Bernie Sanders wants to take on ‘billionaire class’ – By Burgess Everett 1/29/15 6:40 PM EST Updated 1/29/15 7:00 PM EST

The Vermont senator insists he wouldn’t run just to push Clinton to the left.

Sen. Bernie Sanders is pictured. | AP Photo

AP Photo

If Bernie Sanders plans to takes shots at Hillary Clinton, he’s saving his ammo.

The Vermont independent and self-proclaimed socialist said Thursday that he’ll continue to explore running in the Democratic primary with a trip to New Hampshire this weekend and a visit to Iowa shortly thereafter. But asked to critique the presumed Democratic nominee, Sanders wouldn’t go there, at least explicitly.

“All I know is if I run, I’m not running against Hillary Clinton,” Sanders said in an interview on C-SPAN’s “Newsmakers” that will air on Sunday. “What Hillary Clinton, or Mitt Romney, or anybody else has to say — that’s their business. And once we’re in a campaign, I can debate those issues.”

Absent a change of heart by Sen. Elizabeth Warren, Sanders is seen as perhaps the Democratic Party’s best vessel to channel populist outrage and push Clinton to the left in the Democratic primary. But he insisted that if he were to run, it wouldn’t be for that reason.

Sanders said his biggest causes on the campaign trail would be the “collapse of the middle class,” the rise of what he called the Koch brothers’ political “oligarchy” and the GOP’s position on climate change, which the senator called an “international embarrassment.”

“These and other issues are looming in front of us. And we’re going to need bold leadership, we’re going to need people prepared to take on, frankly, the billionaire class,” he said.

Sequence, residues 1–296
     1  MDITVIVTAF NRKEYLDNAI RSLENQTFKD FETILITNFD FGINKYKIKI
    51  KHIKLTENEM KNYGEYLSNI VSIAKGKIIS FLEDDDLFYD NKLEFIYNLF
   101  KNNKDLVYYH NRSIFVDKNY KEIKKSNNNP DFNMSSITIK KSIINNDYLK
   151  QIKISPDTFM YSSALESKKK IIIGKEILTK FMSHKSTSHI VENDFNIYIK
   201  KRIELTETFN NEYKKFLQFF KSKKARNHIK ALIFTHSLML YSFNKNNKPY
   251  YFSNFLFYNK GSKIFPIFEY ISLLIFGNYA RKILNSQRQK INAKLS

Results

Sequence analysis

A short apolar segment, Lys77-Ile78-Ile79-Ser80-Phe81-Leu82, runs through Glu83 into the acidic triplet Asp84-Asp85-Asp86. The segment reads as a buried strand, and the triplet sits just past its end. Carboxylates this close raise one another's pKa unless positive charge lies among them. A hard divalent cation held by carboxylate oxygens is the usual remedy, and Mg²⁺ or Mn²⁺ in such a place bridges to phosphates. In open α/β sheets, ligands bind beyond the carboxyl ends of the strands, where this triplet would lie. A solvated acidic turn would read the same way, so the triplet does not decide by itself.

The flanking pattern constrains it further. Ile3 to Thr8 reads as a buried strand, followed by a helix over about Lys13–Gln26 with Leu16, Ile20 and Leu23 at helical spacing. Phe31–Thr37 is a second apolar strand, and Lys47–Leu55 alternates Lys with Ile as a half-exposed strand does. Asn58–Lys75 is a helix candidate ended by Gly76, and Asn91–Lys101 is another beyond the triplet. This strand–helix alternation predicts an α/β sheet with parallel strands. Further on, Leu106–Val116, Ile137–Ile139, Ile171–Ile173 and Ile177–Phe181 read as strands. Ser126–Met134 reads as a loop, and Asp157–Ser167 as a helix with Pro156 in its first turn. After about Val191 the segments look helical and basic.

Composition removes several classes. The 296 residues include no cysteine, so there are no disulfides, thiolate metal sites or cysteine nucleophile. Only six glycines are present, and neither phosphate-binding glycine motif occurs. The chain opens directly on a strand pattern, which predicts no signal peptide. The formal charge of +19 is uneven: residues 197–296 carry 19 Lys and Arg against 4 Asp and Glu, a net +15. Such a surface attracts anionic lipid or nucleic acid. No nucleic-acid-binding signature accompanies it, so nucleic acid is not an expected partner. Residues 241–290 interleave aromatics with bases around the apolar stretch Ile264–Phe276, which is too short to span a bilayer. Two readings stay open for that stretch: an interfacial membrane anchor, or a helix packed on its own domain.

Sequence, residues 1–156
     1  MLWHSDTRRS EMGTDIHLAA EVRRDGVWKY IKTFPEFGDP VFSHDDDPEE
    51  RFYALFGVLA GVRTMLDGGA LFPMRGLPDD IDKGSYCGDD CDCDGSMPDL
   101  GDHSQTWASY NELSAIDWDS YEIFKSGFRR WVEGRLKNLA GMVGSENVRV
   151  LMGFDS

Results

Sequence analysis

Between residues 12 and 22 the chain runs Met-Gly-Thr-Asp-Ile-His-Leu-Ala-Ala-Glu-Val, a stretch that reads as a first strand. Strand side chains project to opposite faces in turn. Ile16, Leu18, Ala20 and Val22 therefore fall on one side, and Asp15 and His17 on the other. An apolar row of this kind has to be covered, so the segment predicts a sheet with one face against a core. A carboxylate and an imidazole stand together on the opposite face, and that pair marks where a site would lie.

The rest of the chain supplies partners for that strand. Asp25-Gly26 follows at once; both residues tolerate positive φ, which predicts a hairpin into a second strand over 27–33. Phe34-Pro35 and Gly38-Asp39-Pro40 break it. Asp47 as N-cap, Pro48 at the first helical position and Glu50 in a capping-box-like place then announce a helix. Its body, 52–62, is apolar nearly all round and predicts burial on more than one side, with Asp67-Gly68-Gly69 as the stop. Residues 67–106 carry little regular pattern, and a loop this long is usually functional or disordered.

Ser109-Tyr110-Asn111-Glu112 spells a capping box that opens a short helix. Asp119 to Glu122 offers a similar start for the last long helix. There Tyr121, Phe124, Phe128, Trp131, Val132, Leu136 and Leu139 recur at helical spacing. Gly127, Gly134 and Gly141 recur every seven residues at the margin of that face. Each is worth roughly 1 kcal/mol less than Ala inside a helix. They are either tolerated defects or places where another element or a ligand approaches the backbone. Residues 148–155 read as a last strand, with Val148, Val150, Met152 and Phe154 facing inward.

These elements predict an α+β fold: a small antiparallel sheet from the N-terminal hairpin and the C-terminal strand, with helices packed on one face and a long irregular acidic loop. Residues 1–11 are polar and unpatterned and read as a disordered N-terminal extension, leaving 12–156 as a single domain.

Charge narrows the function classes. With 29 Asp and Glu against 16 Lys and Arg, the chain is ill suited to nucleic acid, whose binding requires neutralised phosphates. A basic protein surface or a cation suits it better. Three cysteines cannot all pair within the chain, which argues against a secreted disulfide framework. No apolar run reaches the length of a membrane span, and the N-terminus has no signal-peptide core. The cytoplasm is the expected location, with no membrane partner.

Article continues:

Read more:

The New Politics of Pot: The 2014 Candidates Who Want to Legalize It – By David Freedlander December 14th 20135:45 AM

Forget decriminalization or medical marijuana. Bolstered by state ballot victories, top-tier contenders in 2014 are seeking full legalization, the drug’s highest-profile advocacy ever.

After a round of victories at the ballot box, the spliff is trying its make case at the statehouse—and on the stump.

Photo by The Daily Beast
Advocates for marijuana legalization say the 2014 elections represent the first time that serious, top-tier candidates for major state and federal offices are advocating for full legalization of the drug. In Pennsylvania and Maryland, top contenders for the Democratic nomination for governor are calling for legalization, as is the likely Democratic nominee for U.S. Senate in Maine. And earlier this week, a legalization bill was introduced in the Legislature in New York, making the state the sixth with an active bill under consideration. Legalization bills failed in six other states in 2013.

“It shows there has been a big shift in mainstream politics. You are a seeing a lot of movement in the Democratic Party especially,” said Erik Altieri, the communications director of the National Organization to Reform Marijuana Laws and the manager of NORML PAC, which donated to three candidates last year and has already endorsed John Hanger, the Democratic candidate for governor of Pennsylvania who has made legalization a key part of his platform. “For Democrats in primaries, it has become an issue that sets you apart and gets you votes because there is overwhelming support for legalization. Soon enough politicians are going to be stumbling over themselves not only to support this but to say who supports it more.”

“You know the Wayne Gretzky line, ‘I don’t skate to where the puck is, I skate to where it will be.’ Well, most politicians want to skate where the puck already was.”

To be clear, these pols don’t just support medical marijuana, which is legal in 20 states plus Washington, D.C., and which polls show more than 80 percent of Americans support. Nor do they advocate only for the decriminalization of marijuana, which would change the law so that possessing a small amount of marijuana merits a fine and a ticket instead of jail and a felony conviction. Instead these candidates are calling for full legalization, introducing a tax and regulatory regime that they say would make the drug safer and bolster state budgets.

Article continues: